Small Screen Machine

Our weekly recommendations of great films on TV

Robert, our Director, has selected this week’s Top Picks – not one but two!  “So many great films this week that I’ve had to opt for a double bill”, he said. And Angie has selected the other four. We hope you find something to enjoy among them. Happy viewing.

Photo by The Archers/Kobal/Shutterstock (5878991d)

The Life and Death of Colonel Blimp (1943, U)
BBC2, 12 noon Sunday 26 April
Everyone knows Powell and Pressburger’s glorious A Matter of Life and Death, but The Life and Death of Colonel Blimp is its lesser known companion—just as beautiful, eccentric, witty and moving.  It’s propaganda, of course, but so subtle and nuanced that, reputedly, Churchill tried to ban it because he thought it might undermine morale by showing a sympathetic German (played by the truly wonderful Anton Walbrook). If there’s such a thing as a perfect film, this is it

Things to Come (2016, 12A)
Channel 4, 1.30am Monday 27 April
French with English subtitles
Things to Come was my choice for our first Films We Love season on the Screen Machine, and I’m glad to say it went down well, though it’s hard to explain why this film is so engrossing and delightful.  On the face of it, it’s just a slice through the daily life of a (faintly annoying) French academic family and, like daily life itself, it rolls along with its characters encountering various ups and downs. But the writing, acting and direction are so well observed, humane, and engaging, that you’re drawn in. And of course at the heart of the film is the powerhouse that is Isabelle Huppert and, for her many admirers, that should be all I need to say.

Get Out (2017, 15)
9pm, Friday 24 April, Film4
After African American photographer Chris and his white girlfriend Rose visit her wealthy parents, he suspects there’s more to them than meets the eye. Oscar-winning psychological thriller written and directed by Jordan Peele (Us), starring Daniel Kaluuya

The Queen (2006, 12A)
4.55pm, Saturday 25 April, ITV3
New Labour modernism is pitted against old-fashioned Royal Family protocol in this mix of fact and fiction set in the aftermath of Princess Diana’s fatal car crash in 1997. Directed by Stephen Frears and starring Helen Mirren in an Oscar-winning role, alongside Michael Sheen.
The China Syndrome (1979, PG)
4.50pm, Monday 27 April, Sony Movies Action
Jane Fonda, Michael Douglas and Jack Lemmon star in a thriller/drama about a nuclear power plant controller who discovers a potentially disastrous operational flaw but refuses to report it.  A visiting TV journalist and cameraman pick up on the story.  Jack Lemmon was Oscar nominated and is devastatingly good as the loyal employee who slowly realises his superiors are playing fast and loose with the facts.
Teen Wolf (1985, PG)
2.20pm, Sunday 26 April, Channel 4
Likeable comedy about a teenager who discovers he is far from ordinary when an old family curse kicks in when the moon is full.  He becomes the local celebrity when his new found agility makes him the star of the school basketball team. Michael J Fox made this just before going on to Back to the Future, and he does what he does best: turns a loser into a winner.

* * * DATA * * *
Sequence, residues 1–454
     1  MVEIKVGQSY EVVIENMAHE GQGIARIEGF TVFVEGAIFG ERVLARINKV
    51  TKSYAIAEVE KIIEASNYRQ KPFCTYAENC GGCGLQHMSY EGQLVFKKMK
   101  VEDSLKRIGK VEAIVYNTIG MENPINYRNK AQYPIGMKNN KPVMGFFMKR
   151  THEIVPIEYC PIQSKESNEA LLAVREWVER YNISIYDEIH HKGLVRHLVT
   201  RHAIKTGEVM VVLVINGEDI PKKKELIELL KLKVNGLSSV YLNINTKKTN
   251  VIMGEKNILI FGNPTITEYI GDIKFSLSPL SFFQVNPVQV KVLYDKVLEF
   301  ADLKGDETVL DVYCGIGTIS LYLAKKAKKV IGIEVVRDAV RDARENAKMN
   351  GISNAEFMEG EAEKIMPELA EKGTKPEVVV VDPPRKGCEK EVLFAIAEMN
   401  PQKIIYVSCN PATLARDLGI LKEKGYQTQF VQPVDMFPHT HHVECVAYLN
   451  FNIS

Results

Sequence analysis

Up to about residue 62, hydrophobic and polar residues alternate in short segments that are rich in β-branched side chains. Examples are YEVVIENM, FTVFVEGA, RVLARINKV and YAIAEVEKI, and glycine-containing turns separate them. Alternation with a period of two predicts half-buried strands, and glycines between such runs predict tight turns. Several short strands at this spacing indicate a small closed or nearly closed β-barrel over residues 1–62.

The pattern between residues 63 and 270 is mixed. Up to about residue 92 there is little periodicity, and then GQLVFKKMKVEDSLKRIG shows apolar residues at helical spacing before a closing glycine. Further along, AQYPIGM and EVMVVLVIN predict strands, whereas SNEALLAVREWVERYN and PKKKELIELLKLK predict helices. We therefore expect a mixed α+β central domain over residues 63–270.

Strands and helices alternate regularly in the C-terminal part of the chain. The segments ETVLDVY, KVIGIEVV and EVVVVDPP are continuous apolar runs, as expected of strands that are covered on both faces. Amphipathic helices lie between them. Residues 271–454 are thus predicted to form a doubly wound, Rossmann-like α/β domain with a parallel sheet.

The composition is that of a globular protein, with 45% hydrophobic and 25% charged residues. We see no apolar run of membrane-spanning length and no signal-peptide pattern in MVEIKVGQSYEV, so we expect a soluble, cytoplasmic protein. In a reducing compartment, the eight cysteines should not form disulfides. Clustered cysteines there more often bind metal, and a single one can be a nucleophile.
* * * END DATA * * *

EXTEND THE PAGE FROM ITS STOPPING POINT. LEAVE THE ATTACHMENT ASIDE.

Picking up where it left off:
Screen Memories Scotland

Our friends at Screen Memories Scotland work to recreate a sense of community and belonging using cinema memories. They visit care homes, library groups, local community centres – basically anywhere a group of people get together and are interested in movies, TV and archive footage from their local area. We’ve hosted a few of their events on the Screen Machine, and are pleased to see that they are not letting lockdown curtail their activities completely. They’re producing special film quiz sheets, specially designed to spark early cinema-going memories.

Just for fun, here are 10 of this week’s questions. We’ll give you the answers next week.


  1. Who played the part of Agatha Christie in the 1978 film “Agatha”?
  2. Both Marlon Brando and Doris Day were born on the same date – April 3rd 1924.True or False?
  3. Which Bond film featured the Lotus Esprit/Submarine?
  4. Which British film was renamed Tight Little Island for US audiences?
  5. Who is the most portrayed character on screen – Sherlock Holmes or Dracula?
  6. Which gangster has been portrayed by Rod Steiger and Robert de Niro?
  7. Who was Mia Farrow’s mother?
  8. What was the very first talkie?
  9. Who was Joan Crawford’s deadliest rival?
  10. “After all, tomorrow is another day”. Whose line was that?

You can read more about Screen Memories Scotland’s activities here.

Stream Cunningham and make a donation to Screen Machine


Just a reminder that if you stream Cunningham by 1 May, you can choose an independent UK cinema – including Screen Machine – to receive 10% of the fee.

Cunningham is documentary about the American choreographer Merce Cunningham. You can watch the trailer above. It follows his life over three decades, from struggling dancer in New York City to his emergence as one of the world’s most visionary choreographers.  The film was set to be released in 3D in cinemas last month, but due to Coronavirus is now available on-line. The film also features his collaborations with Andy Warhol, John Cage and Robert Rauchenberg. Take yourself on an immersive journey into Cunningham’s world.

To rent Cunningham follow this link

We’ll be back with more news next Friday, including a new streaming opportunity. In the meantime, we hope the sun keeps shining and that you all stay well.

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